Title town in transit

Posted June 3, 2012

By Michael Bradwell

For the past several years, Debbie Bardella has seen scores of representatives of companies researching land titles wait in line for hours to use the county computers.

The workers, known as title abstractors, research deeds of landowners to determine who owns a property's natural gas rights to enable gas drilling companies working in the Marcellus Shale to offer leases to holders of gas rights.

But Bardella, Washington County's recorder of deeds and head of tax assessment, said recently the overflow crowd of researchers she came to recognize over the years has gone from a gusher to a trickle, as many of the workers have been transferred to Ohio to perform similar tasks in that state's Utica Shale formation, which represents the next natural gas boom.

A couple of months ago, Bardella said, many of the abstractors began saying farewell to her.

"All of these people we saw on a daily basis said, 'You won't be seeing me anymore,'" Bardella said. She said many of the people told her they were being relocated to work on title research in Ohio.

According to Bardella, the title abstraction work for the natural gas drillers began here around 2006 and until a couple of months ago, she said, "tons" of people would stand in line for hours each day to use a roomful of computers in the courthouse to research titles.

"Now, that room is vacant," she said.

Utica rising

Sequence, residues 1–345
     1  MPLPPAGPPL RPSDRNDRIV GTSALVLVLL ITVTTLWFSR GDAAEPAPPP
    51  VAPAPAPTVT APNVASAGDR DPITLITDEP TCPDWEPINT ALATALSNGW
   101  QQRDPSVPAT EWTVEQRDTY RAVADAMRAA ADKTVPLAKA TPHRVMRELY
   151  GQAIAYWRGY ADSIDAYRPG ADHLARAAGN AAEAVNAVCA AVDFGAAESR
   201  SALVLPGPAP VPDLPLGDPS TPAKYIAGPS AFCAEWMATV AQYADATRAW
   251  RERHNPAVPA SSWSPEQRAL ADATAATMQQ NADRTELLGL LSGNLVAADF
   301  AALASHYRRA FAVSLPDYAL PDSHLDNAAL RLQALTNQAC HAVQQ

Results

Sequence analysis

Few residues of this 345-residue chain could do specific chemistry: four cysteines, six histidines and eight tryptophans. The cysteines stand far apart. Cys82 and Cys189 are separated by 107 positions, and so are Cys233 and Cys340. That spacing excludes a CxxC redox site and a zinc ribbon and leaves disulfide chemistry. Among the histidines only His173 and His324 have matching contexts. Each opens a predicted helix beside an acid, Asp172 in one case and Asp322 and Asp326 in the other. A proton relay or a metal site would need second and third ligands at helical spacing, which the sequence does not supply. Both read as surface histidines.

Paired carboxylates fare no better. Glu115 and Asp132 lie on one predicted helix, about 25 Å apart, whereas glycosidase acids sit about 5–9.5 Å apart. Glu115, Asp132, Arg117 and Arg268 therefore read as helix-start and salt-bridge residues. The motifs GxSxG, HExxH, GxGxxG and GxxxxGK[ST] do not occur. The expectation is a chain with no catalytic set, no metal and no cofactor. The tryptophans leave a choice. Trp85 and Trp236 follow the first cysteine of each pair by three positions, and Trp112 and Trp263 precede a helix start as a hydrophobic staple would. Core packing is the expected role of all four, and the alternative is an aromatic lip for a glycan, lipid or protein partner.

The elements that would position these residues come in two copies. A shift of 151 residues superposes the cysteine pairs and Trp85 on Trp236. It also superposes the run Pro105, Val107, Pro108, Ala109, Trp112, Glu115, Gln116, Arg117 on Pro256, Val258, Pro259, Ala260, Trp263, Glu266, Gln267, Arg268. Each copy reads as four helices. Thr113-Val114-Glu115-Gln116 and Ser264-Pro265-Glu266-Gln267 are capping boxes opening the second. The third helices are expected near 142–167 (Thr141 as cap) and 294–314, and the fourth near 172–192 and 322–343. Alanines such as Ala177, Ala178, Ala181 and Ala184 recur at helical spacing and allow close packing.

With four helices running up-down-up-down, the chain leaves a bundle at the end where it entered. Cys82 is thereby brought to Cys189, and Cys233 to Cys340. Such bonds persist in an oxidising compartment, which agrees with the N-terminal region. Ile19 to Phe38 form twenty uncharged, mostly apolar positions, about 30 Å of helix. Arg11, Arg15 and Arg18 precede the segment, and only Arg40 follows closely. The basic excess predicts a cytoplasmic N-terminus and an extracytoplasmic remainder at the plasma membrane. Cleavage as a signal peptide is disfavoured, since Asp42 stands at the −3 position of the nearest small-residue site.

As of the end of April, natural gas companies had drilled about 60 Utica wells in Ohio, with the state approving permits to drill nearly another 200. Estimates are that more than 2,000 wells will be drilled in Ohio's Utica formation within the next three years, where industry leaders have estimated Ohio's portion of the "wet gas" shale formation may contain as many as 5.6 billion barrels of oil.

The projections underscore the push for drilling companies to write leases there and the move of some personnel by title abstracting companies from here to Ohio.

In addition to the oil yields it produces, the wet gas portion of shales also produce a variety of salable distillates that include propane, butane and ethane. Drilling companies have shifted their focus to wet gas production while waiting for the price of dry gas or methane, used for home heating and power plants, to recover from decade lows.

While the title abstracting companies continue to maintain a presence here - Holland Services signed a lease in April for 5,535 square feet in Millcraft Center - many of the companies must scramble to win new business from the drilling companies as they shift priorities and move to new areas.

In early March, Oil & Gas Title Abstracting, which has an office in Crossroads Center, laid off 60 employees here and in its Pittsburgh office due to lower natural gas prices and its clients' shifting business priorities.

When OGTA Chief Executive Officer Bob Butler confirmed the company's layoffs in March, he said abrupt shifts in customers' business plans are a fact of life in the title abstraction industry.

"Our business is client- and project-driven, and it's not uncommon" for the shifts in business priorities to occur, Butler said.

'Where the work is'

Jason Dunkle, a South Strabane Township resident who recently began working as a title abstractor in Ohio, is an example of the ebb and flow of work coming from the oil and gas industry.